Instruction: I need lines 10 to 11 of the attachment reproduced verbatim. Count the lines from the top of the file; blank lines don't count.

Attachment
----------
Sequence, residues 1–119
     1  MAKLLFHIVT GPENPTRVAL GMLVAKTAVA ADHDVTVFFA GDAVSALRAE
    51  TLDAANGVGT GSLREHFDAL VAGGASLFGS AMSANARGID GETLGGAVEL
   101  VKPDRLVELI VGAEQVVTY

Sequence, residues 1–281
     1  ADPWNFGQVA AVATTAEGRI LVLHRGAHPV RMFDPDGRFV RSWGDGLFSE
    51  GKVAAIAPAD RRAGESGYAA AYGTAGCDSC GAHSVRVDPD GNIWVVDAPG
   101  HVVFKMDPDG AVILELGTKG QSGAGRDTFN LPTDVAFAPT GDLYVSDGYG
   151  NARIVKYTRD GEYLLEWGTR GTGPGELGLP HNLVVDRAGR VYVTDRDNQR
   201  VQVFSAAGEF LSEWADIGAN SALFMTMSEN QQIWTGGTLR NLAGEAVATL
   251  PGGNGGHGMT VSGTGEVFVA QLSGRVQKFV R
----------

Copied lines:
   201  VQVFSAAGEF LSEWADIGAN SALFMTMSEN QQIWTGGTLR NLAGEAVATL
   251  PGGNGGHGMT VSGTGEVFVA QLSGRVQKFV R